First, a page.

HEAVY RAINFALL CONTINUES WEST OF EDMONTON
Much of the focus is rightfully centered around substantial thunderstorm risk further south, but appreciable rainfall amounts along the Highway 16 & 40 corridor is worth mentioning. This region has already seen very-heavy rainfall over the last several days. Another 50-75mm is on tap between Hinton and Edmonton, through Friday.
A potent upper-level system will stall all week across Alberta and Saskatchewan. The unsettled pattern will bring much-needed rainfall, thunderstorms, much below seasonal temperatures, and even accumulating S*** for Banff & Jasper.
Beneficial rainfall will persist all week in Alberta & Saskatchewan as an upper-level system stalls across the region. The heaviest rainfall is anticipated across Central Alberta where 50-75mm+ is expected by Friday. With much of that rain falling between Wednesday and Thursday. Some rainfall is in the forecast for drought-stricken High Level (Northern Alberta) & Moose Jaw (Southwestern Saskatchewan).
The much below seasonal temperatures and a soaking rainfall will make it feel more like the middle of October across the foothills. By Wednesday, temperatures will plummet nearly 10c below seasonal. Continuing through the day Thursday.
DAYS OF THUNDERSTORMS CONTINUE WITH THE THREAT OF SEVERE TUESDAY
Thunderstorms have been an almost daily occurrence over the last several days in the Prairies. The thunderstorm risk is expected to continue this week.
Monday: thunderstorms producing heavy downpours and small hail across Interior British Columbia and Northern Alberta.
Tuesday: better dynamics for potent thunderstorms across Southern Alberta (Calgary to Medicine Hat). Discrete cells or supercells could be capable of producing damaging winds and large hail.
Wednesday: daytime heating thunderstorm risk moves further East into Saskatchewan.
ACCUMULATING SNOW KICKS OFF SUMMER IN BANFF & JASPER
Between Wednesday night through Friday, accumulating up-sloping snow is expected over the high-elevation topography of Banff and Jasper National Parks. Believe or not, Friday is officially the first day of summer.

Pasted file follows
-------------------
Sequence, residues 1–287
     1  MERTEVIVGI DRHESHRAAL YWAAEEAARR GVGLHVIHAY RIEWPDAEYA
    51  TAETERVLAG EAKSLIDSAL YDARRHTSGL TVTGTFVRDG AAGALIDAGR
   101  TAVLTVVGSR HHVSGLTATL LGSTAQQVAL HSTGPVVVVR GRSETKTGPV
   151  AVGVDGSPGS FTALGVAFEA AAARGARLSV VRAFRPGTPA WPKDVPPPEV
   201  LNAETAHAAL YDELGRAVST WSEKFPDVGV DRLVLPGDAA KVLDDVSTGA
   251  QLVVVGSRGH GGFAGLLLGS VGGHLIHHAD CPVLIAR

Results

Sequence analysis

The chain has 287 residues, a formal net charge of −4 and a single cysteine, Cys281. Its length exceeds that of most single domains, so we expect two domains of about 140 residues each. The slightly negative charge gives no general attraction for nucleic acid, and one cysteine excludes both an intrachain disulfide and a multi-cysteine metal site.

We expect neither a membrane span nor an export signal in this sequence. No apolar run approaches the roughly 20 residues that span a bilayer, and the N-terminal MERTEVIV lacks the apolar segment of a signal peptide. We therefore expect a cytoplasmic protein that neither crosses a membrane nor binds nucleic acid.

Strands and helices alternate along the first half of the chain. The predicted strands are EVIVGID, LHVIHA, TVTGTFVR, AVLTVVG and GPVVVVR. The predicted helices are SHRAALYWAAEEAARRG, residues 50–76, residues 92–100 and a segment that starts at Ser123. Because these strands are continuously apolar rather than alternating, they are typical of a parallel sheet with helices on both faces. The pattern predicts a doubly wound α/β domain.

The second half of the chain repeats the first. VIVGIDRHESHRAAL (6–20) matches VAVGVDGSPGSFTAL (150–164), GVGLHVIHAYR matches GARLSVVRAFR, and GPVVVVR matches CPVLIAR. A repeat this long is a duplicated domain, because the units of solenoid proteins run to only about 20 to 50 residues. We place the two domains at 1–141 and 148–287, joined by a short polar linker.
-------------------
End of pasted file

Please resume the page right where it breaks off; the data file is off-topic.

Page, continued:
Our forecasting team at TransCanada Weather is cautiously watching long range model guidance. Between Tuesday May 28th – Thursday, June 6th, the evolution of a pattern supportive of heavy rain, severe thunderstorms & unsettled conditions will envelop parts of Canada. Read below to find out where.
PRAIRIES: Unsettled Conditions, Risk of Cold Core Funnels, Threat of Thunderstorms
The Prairies will have to contend with unsettled conditions. Including a pattern that may support the risk of cold core funnel clouds & areas of severe thunderstorms between late May to early June. This is be welcomed news for Alberta; contending with out-of-control forest fires.
GREAT LAKES: Heavy Rain & Severe Thunderstorms
A second area we are watching closely: the Great Lakes/Ontario region. A supportive pattern for flooding and/or severe thunderstorms is possible between Tuesday May 28th to Thursday May 30th.
Abnormally, deep troughing, seasonably deep height-falls, strong waves of low-pressure, concurrent with a southeast ridge. Will bring surges of warm moist air along with supportive wind profiles for severe thunderstorms and/or flood risk. A significant severe day will be possible within this regime across Southern or Northeastern Ontario.
Saturday, May 25th: after Thursday, the next threat for severe across Southern Ontario will come Saturday. Risks across Southwestern Ontario include: isolated damaging wind gusts, large hail & torrential downpours.